Washington, Feb 13: At least 188,000 people were evacuated from several northern California counties after authorities warned an emergency spillway in the countrys tallest dam was in danger of failing and unleashing uncontrolled flood waters on towns below. The erosion prompted concerns that it could endanger the communities living downstream and evacuation orders were made on Sunday for cities and counties near Lake Oroville, which remain in effect, CNN reported.
“I would rather be safe than sorry. I would rather have people move out of the area hopefully to safety,” Sheriff Kory Honea said.
“A hazardous situation is developing with the Oroville Dam auxiliary spillway. Operation of the auxiliary spillway has led to severe erosion that could lead to a failure of the structure,” the sheriff’s office posted on its Facebook page on Sunday night, emphasising that it was not a drill.
California Governor Jerry Brown also issued a state emergency order to help local authorities with the emergency situation and the evacuations.
The cities of Oroville, Gridley, Live Oak, Marysville, Wheat Land, Yuba City, Plumas Lake and Olivehurst were all under evacuation orders. The order was sent out after engineers discovered a hole that was eroding back towards the top of the spillway.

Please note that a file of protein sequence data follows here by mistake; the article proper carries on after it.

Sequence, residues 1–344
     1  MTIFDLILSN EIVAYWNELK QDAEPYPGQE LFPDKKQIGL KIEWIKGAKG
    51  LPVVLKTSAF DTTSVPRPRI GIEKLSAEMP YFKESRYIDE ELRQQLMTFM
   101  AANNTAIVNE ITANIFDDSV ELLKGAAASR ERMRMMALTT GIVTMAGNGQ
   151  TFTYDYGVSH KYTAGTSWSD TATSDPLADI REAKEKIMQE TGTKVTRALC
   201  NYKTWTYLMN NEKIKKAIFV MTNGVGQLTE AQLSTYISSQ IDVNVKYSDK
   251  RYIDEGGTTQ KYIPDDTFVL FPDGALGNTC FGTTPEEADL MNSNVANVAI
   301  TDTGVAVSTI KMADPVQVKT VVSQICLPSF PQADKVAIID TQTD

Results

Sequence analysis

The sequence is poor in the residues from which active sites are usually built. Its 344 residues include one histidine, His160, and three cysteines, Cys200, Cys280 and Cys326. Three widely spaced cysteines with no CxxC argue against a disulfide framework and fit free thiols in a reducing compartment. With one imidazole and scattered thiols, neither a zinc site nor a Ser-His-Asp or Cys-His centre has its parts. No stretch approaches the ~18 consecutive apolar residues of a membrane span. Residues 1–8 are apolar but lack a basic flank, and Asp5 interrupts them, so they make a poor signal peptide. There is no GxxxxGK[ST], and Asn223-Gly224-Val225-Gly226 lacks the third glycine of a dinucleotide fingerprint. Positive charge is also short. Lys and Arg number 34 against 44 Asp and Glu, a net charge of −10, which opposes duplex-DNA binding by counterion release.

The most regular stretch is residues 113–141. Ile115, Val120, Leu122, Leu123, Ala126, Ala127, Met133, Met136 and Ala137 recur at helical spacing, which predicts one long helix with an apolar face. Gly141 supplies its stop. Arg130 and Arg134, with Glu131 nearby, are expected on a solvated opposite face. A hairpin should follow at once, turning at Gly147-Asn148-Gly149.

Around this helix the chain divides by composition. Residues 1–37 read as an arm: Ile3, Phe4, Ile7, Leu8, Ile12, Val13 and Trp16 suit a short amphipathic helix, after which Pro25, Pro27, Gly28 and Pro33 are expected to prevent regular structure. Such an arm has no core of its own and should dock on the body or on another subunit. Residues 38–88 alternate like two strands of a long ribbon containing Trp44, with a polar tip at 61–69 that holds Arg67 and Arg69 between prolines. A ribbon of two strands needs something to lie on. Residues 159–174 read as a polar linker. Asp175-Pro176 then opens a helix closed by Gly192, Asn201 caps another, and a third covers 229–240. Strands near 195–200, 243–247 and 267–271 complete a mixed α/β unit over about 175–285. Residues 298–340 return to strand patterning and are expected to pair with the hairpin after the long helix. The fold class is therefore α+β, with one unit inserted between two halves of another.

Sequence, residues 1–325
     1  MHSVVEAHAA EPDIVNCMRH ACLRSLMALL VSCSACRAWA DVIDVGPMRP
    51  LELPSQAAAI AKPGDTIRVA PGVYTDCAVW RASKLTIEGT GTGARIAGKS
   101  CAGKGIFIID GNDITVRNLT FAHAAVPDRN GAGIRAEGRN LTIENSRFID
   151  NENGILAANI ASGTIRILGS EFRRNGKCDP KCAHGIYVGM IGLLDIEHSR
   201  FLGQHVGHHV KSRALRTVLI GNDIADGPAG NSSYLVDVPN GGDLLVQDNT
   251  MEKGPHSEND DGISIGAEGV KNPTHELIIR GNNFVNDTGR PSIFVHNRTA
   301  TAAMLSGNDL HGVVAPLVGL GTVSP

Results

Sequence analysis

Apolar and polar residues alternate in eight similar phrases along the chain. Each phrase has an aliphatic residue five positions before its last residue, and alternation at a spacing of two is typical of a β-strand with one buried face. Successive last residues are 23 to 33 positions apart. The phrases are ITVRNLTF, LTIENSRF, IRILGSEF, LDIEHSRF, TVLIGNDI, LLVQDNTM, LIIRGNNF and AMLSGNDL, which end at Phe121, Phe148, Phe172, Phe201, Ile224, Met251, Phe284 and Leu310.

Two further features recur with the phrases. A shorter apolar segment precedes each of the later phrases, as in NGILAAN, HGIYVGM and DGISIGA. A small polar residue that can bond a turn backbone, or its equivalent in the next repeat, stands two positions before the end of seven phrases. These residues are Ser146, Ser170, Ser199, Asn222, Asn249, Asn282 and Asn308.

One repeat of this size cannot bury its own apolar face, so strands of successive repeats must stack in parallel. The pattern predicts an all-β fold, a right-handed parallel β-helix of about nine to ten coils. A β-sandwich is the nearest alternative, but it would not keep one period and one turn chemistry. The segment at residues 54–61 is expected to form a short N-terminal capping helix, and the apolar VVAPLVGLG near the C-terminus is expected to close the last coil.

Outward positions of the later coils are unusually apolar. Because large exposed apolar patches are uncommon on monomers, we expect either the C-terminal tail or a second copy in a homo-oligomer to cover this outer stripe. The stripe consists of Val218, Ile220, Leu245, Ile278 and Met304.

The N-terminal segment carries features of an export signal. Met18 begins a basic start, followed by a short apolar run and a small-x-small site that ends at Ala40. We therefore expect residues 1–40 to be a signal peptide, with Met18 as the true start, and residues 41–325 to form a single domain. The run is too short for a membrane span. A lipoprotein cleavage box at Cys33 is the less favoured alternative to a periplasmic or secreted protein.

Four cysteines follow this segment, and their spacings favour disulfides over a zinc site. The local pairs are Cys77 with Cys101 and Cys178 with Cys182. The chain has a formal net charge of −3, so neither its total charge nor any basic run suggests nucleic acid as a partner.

It’s possible that crisis could be averted, however, because the California Department of Water Resources told the sheriff that the erosion “was not advancing as rapidly as we thought.” A plan is currently in place to employ helicopters to drop rocks into a crevice atop the erosion, which would plug the hole, said the sheriff.
As of about 6:30 p.m, about two inches of water was coming over the spillway, which was down significantly from when authorities first issued the evacuation orders, according to the report. Department of Water Resources officials said they expect the flow to soon stop entirely, which will reduce the pace of erosion.
“The next several hours will be crucial in determining whether the concrete structure at the head of the auxiliary spillway remains intact and prevents larger, uncontrolled flows,” the Butte county sheriff’s office said in a statement.
In an effort to mitigate the situation, the DWR was increasing water releases from the main spillway to 100,000 cubic feet per second in an effort to lessen the amount of water going down the emergency spillway, the sheriff’s office said. (IANS)